Monday, June 30, 2008

A Meadow Rover's Short Story from the Heart

Submitted by Greg Carstens, Paradise Meadow Rover

I have come a long way since 2006 when I first looked into the Meadow Roving program at Mount Rainier. A lot sure has happened since that day when I first met Kevin Bacher in July of 2006. I am forever grateful to him and many other park staff to this day all the way up to Superintendent Uberauga for giving me a chance to help the park in any way I can.

Many of you do not know my background and there are still many of you I have yet to meet and shake hands with personally. I was happy to finally meet Pete Sabin yesterday at the meadow rover training because I have heard and read about this man and how he has been involved so much with park for quite some time.

Back in 2005 I was working fulltime for Horizon Air on the Seatac ramp servicing aircraft. I did this until October of 2006. Unfortunately I damaged my left leg severely and it made it very hard to walk on by September of 2006. It was discovered in 2007 by Doctor Robert Osborne in Puyallup at Cascade Vascular Associates that I have an incurable disease known as lymph edema. It's not contagious at all but it is common across the world. It basically is build up fluid in the lymph nodes which makes the limbs swell which can sometimes be uncomfortable. Fortunately I am still able to walk and enjoy the park in any way. I just can't bang the leg on anything or put it in harms way so some trail work and perhaps a lot of the work the trail crews do might be out of the question but I did talk to Jill Baum with the SCA and she said I would probably be able to do some raking and that sort of thing. Generally anything not to heavy. I agreed with her on that.

In 2006 of May my Step Father Robert J. Eckroth died of liver cancer. This man worked in public service as a firefighter from 1965 to 1995 for the Tacoma Fire Department. After he died I wanted to change my life and go into another direction and also follow in his foot steps sort of. I knew that with the leg the way it was I would not be a firefighter like he was and age was probably at the time an issue also. There was another option though and that was to begin looking at agencies like the National Park Service that I always had interest in but it was usually in the back of my mind but always my heart made me wonder. What if?

Now I am exploring all the possibilities with the National Park Service as I currently intern at Longmire in the Natural and Cultural Resources Division. A division in the National Park Service I had never even known about until this summer. I will forever be grateful to my Supervisor Darin Swinney for calling me back in April and asking me if I was still interested in working with him. The answer was of course a resounding, yes! I do have Rick Zamore to thank as well with the SCA also.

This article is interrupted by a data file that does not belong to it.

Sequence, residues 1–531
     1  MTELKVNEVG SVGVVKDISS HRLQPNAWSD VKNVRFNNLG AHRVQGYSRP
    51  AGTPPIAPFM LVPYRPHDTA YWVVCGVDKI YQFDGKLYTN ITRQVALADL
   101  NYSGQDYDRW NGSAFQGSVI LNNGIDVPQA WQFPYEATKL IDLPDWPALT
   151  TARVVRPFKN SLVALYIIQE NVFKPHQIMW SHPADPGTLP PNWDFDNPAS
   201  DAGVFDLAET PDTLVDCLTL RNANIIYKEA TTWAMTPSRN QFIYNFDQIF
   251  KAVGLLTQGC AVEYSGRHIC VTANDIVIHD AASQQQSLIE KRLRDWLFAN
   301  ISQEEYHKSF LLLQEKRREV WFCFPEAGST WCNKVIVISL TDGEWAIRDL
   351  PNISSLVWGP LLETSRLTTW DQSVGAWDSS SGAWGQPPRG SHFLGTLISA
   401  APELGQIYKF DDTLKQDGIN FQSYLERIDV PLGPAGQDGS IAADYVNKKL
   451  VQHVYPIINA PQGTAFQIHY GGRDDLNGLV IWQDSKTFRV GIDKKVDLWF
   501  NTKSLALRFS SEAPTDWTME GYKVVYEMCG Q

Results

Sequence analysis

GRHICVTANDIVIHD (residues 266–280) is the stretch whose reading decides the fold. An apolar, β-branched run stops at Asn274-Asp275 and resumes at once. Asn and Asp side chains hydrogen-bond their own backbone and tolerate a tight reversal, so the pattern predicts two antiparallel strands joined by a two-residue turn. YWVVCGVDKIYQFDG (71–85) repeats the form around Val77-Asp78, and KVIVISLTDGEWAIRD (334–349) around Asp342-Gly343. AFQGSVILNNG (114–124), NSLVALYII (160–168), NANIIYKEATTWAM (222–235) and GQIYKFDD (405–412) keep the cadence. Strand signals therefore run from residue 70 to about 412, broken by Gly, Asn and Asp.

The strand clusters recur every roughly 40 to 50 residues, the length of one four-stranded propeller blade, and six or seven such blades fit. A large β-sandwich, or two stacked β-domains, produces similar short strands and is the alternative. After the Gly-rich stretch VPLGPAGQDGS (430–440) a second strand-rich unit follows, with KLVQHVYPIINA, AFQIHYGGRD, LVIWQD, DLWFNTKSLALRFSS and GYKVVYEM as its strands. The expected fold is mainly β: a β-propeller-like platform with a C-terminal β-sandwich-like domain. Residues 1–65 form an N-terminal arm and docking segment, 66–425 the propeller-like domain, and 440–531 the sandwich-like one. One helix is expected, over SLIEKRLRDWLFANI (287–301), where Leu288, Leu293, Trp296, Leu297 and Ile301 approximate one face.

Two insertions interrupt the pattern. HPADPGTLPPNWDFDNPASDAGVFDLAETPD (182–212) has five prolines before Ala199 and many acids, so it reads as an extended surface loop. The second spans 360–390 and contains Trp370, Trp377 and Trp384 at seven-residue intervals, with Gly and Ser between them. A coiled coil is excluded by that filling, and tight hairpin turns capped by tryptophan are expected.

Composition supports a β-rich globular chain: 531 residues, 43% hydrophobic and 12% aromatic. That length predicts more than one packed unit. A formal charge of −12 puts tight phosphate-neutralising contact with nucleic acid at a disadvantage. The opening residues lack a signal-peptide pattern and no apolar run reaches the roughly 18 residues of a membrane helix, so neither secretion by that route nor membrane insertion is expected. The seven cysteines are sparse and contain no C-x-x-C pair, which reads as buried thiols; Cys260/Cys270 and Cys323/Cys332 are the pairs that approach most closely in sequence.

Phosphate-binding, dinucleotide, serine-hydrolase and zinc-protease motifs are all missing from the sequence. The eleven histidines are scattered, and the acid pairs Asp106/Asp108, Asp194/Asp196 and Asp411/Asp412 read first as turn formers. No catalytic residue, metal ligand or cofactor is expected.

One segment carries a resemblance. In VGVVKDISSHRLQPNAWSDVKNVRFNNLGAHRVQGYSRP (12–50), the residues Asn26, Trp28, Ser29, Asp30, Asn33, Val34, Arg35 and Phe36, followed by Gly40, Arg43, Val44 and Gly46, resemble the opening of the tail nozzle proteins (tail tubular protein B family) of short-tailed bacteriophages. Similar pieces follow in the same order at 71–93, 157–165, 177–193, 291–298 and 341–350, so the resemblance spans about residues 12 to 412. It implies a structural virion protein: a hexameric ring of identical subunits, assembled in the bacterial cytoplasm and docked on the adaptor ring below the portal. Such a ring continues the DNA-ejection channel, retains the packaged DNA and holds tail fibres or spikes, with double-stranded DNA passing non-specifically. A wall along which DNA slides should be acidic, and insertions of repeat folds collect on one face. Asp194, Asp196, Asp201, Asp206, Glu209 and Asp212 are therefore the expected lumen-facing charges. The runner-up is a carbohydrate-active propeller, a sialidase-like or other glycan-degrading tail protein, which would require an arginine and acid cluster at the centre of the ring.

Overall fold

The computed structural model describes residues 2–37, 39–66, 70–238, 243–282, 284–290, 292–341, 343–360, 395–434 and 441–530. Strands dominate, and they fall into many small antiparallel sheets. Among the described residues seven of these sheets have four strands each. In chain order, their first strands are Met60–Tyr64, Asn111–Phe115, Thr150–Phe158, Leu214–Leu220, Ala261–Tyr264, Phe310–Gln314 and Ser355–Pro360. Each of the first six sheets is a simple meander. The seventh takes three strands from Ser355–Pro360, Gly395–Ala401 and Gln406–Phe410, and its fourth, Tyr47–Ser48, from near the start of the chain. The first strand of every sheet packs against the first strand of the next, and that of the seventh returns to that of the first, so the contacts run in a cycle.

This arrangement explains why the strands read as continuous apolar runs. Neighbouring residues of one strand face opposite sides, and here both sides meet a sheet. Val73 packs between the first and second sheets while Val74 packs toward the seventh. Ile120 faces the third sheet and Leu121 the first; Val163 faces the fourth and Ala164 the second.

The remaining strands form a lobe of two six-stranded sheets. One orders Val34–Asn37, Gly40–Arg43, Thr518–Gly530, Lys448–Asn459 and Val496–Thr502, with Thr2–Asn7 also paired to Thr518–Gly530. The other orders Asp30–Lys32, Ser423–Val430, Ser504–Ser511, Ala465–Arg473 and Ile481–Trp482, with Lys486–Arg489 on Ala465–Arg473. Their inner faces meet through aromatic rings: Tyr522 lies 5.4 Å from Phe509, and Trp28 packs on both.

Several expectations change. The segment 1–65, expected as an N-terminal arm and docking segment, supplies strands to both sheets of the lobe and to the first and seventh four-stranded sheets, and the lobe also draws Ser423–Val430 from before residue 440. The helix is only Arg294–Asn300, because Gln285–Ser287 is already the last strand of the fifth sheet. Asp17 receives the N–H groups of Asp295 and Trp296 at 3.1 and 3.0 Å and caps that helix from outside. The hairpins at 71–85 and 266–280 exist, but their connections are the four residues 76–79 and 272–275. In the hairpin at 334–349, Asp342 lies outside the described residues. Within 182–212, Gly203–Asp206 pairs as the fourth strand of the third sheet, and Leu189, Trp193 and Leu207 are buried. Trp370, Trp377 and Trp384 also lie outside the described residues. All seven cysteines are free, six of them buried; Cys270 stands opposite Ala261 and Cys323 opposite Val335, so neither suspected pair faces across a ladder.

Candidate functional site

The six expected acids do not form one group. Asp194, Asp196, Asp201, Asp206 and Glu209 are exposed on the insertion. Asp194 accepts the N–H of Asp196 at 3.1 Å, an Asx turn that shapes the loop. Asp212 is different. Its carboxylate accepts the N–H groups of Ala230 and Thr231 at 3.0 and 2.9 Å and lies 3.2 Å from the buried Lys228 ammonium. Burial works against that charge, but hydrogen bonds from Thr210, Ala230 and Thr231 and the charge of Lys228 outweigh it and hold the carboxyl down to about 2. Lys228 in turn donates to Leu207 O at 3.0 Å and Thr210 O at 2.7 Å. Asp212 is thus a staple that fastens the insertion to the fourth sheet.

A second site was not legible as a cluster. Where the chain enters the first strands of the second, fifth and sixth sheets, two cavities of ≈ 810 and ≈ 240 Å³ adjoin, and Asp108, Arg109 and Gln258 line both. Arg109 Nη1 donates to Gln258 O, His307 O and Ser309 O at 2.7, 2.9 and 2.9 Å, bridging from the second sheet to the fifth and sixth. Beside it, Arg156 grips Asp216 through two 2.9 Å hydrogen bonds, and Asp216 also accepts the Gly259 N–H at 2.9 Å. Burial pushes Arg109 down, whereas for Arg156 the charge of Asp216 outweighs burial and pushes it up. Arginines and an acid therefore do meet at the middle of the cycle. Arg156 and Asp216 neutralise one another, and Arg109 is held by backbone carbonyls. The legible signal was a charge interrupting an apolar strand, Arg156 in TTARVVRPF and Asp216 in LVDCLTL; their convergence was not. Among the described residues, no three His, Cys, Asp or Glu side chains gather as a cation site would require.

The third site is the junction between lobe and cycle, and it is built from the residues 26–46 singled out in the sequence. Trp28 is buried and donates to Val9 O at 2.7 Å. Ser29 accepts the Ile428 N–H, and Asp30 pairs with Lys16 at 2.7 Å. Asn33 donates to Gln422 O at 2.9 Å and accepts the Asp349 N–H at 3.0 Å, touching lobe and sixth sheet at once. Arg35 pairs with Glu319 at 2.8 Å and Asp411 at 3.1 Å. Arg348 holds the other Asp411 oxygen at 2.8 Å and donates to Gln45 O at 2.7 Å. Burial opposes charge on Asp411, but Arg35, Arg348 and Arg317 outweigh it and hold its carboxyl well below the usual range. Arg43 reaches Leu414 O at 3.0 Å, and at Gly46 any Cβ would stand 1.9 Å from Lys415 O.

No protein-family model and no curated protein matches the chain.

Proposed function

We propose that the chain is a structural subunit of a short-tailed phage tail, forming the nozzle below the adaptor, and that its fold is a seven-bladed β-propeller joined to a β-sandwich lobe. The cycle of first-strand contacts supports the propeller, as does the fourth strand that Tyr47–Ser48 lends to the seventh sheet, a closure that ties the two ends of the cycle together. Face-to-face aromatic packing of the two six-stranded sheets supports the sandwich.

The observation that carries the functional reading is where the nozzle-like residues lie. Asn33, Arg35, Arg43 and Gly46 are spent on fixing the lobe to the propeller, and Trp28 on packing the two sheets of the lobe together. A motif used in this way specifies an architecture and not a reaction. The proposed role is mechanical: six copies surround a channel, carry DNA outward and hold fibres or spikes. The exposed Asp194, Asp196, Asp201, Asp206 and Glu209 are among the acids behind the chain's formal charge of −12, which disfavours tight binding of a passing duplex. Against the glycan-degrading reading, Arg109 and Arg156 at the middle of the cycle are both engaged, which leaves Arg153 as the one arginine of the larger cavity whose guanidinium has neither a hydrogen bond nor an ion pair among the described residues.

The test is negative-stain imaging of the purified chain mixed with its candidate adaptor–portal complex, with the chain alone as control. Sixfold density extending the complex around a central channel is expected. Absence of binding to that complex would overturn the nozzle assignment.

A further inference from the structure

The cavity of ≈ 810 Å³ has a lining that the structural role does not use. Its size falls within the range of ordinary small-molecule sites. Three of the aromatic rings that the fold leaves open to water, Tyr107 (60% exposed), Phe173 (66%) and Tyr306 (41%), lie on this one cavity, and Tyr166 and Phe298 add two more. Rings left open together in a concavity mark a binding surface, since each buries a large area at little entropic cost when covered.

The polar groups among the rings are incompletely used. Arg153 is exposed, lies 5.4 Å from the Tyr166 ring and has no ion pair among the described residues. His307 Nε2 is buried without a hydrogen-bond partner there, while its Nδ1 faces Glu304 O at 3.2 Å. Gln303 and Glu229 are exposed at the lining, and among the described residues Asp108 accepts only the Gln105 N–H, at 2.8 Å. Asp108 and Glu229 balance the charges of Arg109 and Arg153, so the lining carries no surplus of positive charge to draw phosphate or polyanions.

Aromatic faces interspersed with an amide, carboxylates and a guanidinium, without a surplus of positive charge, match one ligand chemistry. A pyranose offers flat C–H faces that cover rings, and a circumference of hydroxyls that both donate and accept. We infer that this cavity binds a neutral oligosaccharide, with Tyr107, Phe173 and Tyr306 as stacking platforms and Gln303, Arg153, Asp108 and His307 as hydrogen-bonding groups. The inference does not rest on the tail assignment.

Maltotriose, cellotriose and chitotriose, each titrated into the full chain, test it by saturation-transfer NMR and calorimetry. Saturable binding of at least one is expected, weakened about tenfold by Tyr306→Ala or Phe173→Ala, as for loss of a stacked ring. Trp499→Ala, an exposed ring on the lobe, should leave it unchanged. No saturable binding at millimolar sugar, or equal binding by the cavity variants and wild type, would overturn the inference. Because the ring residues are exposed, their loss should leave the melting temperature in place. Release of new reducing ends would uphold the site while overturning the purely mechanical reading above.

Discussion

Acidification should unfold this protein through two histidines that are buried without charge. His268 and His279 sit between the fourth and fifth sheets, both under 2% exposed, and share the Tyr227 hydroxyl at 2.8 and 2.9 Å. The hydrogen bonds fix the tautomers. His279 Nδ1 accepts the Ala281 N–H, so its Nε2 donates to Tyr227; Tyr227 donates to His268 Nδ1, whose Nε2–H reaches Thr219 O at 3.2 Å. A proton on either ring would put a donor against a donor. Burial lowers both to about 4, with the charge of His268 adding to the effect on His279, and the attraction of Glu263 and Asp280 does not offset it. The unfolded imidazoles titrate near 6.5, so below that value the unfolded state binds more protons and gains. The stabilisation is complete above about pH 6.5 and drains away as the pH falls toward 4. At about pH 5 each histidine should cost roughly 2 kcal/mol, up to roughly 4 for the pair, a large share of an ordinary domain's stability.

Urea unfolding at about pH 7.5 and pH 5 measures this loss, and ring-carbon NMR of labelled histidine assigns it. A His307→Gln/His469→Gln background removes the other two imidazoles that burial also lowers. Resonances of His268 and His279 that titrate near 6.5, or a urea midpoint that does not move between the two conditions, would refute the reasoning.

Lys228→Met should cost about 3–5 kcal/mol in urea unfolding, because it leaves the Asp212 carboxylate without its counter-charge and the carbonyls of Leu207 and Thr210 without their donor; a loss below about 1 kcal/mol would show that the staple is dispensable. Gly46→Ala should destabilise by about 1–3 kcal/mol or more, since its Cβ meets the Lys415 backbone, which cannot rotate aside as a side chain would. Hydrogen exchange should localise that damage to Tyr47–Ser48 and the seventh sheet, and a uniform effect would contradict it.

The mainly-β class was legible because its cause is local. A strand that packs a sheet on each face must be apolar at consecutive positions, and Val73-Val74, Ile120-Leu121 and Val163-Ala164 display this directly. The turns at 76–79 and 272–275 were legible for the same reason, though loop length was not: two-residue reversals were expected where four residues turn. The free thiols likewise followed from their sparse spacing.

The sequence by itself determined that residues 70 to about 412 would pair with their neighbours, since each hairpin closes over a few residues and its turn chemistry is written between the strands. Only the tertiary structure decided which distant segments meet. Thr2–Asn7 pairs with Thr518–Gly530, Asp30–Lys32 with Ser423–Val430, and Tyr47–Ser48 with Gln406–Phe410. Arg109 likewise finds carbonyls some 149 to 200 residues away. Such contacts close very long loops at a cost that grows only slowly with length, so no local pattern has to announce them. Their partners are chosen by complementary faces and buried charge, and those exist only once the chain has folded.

This is my third summer in the meadow rover program at Mount Rainier. I sign up for it because I simply care about the park. It helps that the park is only 45 miles from home also. I love all the parks I have been to. I volunteered for a short time at the Old Faithful Visitors Center in 1985 at Yellowstone National Park. I have also spent some brief time in Yosemite, Grand Canyon, Grand Teton, Olympic, Crater Lake, and North Cascades as a visitor as well.

One thing I love more than even all the parks and probably anything in the world though is my Mother. She really did well since May of 2006 but I remember her telling me how she cried after my Step Dad died when she went to trim the plants in the many gardens he left behind that had some of the most beautiful flowers you will ever see.

I am hear to tell you all right now I spent nights myself crying as I worried so much about her becoming lonely after being married to my Step Father for 36 years. It hurt me as well because he was the only real father I ever had from the time I was five years old. To this day I still visit my mother twice a week and I take care of a lot of those flowers for her in the yard. The flowers continue to grow more beautiful than ever under my care. I had many rhododendrons bloom out to about twelve inches across this spring. When I saw this I knew I had a true knack for caring for natural things and when the flowers grew so well I got a little emotional because I know my Step Father in spirit must have showed me what to do when I tried to take care of them for the first time.

My mother is doing a lot better these days. She has met a retired school councilor from Olympia and he has told her that he loves her and they have already been to Hawaii together and are planning more trips together including the Inside Passage to Alaska. I am a little envious and would love to travel in both those places and who knows maybe one day I will work in one of our parks in those areas one day.

I plan on building up my college credits this fall, winter, and spring coming quarters at Pierce College. I should have about 60 overall and will have some where over 500 hours of service time alone just this year in the park. Right now I am working on getting a Associates transfer degree for a major university and my ultimate goal is to get a Bachelor of Science degree in Atmospheric Science (Meteorology). Short term at least by next summer I hope to apply as one of the many of the many seasonal staff with the National Park Service and I am very open to going to many parks that would have an opportunity for me for my first summer. It would be incredible and great to be at Mount Rainier though.

I hope you all enjoyed this story because it is from my heart and how I feel right now. I am hoping that everyone will have a awesome summer as I am already having this summer at Mount Rainier.

Greg Carstens
SCA Natural Resources Planning Intern
Paradise Meadow Rover
Mount Rainier National Park

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